We asked 15-year-old Mia some questions about how she uses the internet in her day to day routine. She also shares her thoughts about the apps she uses and how her school is tackling the subject of online safety.
1. How do you use the internet in your daily routine?
First thing in the in the morning I go straight for my phone to check Snapchat, Instagram, Twitter; it’s usually the last thing I do in the evening too. I think that I probably spend most of my time online using Snapchat, and I’d say that most people my age would likely say the same about themselves. As well as being able to message friends, I can check their posts, video chat and read articles all on one app, so the fact that it’s so versatile is one of the reasons why I and so many others have taken a shine to it.
When I’m not on Snapchat however, you’d often find me glued to a vlog or commentary video on YouTube. One of the reasons why this site is so universally appealing is the range of different content available, there really is something for everyone. Personally, I’m a fan of vlogging channels such as EmmaChamberlain and DanielHowell, but other times I find that the short quirky videos from channels like BillWurtz and JackStauber are just as funny.
However, as well as for relaxation I also use the internet as a resource for school work as well.
Helpful revision videos are easy to come by using google, and often very useful in deepening my understanding of a topic. I also take practice tests on SAMlearning and MyMaths leading up to any tests or if I just want to go over something I didn’t understand in class. Websites like these are often better for some students than working from textbooks and revision guides; they’re very engaging which keeps students’ attention and can make revision into less of a chore.
2. What is your favourite social media/gaming/web platform and why? What risks do you think are associated with this?
My favourite platform online would definitely have to be Instagram. I love being able to create a spread of colourful posts across my profile. Pictures of my friends, parties, concerts, and yes shamefully some selfies, are what you can usually find decorating my page.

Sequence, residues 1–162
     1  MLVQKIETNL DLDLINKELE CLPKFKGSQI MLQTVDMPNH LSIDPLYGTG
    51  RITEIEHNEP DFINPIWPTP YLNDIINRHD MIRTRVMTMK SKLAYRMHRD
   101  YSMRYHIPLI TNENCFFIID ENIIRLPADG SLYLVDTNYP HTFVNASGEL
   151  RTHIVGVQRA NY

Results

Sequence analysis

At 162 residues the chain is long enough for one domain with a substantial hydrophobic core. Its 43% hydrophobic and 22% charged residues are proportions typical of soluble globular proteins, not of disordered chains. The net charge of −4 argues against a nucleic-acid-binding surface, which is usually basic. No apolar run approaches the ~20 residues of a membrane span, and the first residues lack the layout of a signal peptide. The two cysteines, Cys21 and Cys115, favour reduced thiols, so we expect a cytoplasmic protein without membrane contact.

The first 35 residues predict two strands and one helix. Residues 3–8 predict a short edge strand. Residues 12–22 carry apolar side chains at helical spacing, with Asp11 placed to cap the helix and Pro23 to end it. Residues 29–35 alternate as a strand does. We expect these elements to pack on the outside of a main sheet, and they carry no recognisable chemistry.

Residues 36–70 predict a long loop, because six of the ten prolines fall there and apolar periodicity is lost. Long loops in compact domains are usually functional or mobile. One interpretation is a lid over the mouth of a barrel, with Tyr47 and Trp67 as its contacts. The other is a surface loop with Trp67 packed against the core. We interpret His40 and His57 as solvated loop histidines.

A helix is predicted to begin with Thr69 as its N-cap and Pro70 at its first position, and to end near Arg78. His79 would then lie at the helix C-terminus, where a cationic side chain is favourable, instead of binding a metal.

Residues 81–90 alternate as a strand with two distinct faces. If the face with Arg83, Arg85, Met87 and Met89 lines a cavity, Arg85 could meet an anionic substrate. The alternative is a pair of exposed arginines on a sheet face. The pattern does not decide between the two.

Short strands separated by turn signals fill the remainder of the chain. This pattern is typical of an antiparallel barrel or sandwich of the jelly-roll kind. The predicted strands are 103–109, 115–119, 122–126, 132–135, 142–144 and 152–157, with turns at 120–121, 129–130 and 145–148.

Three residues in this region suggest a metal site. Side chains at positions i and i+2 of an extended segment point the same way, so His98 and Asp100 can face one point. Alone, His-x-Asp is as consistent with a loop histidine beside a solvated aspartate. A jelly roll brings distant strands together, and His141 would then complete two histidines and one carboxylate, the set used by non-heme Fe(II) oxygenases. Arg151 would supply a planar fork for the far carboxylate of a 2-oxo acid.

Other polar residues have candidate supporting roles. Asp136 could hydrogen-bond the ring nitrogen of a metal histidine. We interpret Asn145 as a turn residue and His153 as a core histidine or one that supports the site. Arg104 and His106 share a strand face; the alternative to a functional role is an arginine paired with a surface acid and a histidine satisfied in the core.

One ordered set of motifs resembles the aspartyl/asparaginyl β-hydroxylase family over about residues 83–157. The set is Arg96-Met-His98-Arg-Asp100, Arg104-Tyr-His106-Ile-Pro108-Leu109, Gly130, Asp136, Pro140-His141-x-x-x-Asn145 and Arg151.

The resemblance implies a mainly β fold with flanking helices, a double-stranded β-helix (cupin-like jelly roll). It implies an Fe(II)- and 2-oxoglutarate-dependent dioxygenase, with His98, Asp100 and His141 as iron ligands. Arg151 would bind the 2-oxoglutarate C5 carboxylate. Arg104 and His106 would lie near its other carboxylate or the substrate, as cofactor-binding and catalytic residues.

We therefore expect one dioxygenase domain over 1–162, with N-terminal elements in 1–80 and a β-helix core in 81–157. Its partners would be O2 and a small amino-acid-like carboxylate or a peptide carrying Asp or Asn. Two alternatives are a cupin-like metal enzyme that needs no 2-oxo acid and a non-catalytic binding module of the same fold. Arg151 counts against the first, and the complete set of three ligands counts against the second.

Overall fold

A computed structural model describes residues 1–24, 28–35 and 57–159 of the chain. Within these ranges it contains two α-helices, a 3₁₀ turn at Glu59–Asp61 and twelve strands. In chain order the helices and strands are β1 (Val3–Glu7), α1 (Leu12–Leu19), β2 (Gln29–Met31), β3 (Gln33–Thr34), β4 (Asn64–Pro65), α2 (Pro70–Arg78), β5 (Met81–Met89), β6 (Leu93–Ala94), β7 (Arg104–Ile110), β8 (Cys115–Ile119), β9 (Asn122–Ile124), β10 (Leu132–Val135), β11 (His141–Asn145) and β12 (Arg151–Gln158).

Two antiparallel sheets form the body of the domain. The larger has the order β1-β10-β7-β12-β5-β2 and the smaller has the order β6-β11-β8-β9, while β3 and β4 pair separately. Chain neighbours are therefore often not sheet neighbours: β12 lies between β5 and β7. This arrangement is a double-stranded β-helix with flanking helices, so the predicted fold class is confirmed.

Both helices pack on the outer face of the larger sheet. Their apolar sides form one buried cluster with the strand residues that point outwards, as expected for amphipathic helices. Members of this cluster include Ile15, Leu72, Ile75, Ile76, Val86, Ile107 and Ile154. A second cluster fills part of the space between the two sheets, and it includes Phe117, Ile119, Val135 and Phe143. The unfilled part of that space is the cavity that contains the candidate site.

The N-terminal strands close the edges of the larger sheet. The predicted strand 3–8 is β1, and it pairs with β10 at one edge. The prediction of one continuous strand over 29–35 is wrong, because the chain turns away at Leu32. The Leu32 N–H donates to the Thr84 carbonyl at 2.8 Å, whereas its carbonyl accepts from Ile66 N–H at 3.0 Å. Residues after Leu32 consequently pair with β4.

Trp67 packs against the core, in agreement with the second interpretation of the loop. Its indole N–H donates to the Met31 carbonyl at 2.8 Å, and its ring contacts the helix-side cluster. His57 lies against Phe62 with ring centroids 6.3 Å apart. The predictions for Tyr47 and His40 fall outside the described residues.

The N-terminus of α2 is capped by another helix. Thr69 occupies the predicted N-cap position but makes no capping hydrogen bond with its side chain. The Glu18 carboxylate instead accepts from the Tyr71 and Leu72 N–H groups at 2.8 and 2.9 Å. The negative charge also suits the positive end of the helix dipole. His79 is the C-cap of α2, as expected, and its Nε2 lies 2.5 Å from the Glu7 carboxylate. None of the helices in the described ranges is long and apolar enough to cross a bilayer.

While I do like to keep my profile looking pretty, I try to avoid becoming too obsessed with it, which I think is something all too easy for people my age to fall into -girls in particular. Being bombarded with pictures of models on beaches with perfectly tousled hair and sun-kissed skin can definitely bring out insecurities, something myself and I’m sure the majority of people deal with. This can lead to young people trying to create a perfect, fake image of themselves online, every picture taken at the best angle and each lock of hair in just the right place. It can become an obsession to replicate these impossible beauty standards, which is why I think that this app should be used in moderation and with this in mind.
3. What online safety education have you received at school? What has been good and what hasn’t been helpful? How do you think your school could improve this?
I think that my school has been very proactive when it comes to Internet safety, with both primary and secondary assembly talks on the subject. Sometimes we’d have people come in to talk about the dangers and risks of social media, or we’d watch videos warning us about ‘stranger danger’ and not giving out personal information on the internet. From a young age, it was easy for me to understand these concepts and it’s something that I do make sure to remember when using social media. These talks usually repeat the same topics from primary through secondary, which can often come across as patronising and put me off from paying attention.
I also think that many schools, as well as mine, fail to address the other issues associated with the internet and too often focus on the risks of meeting strangers online and cyberbullying. For example body image, arguments over social media, sending inappropriate messages/photos etc are sometimes brushed over or dismissed completely which I think is a shame. With the internet changing at such a fast pace, schools should focus on adapting to new problems facing teenagers using the internet today rather than repeating the same warnings we’ve been hearing for years.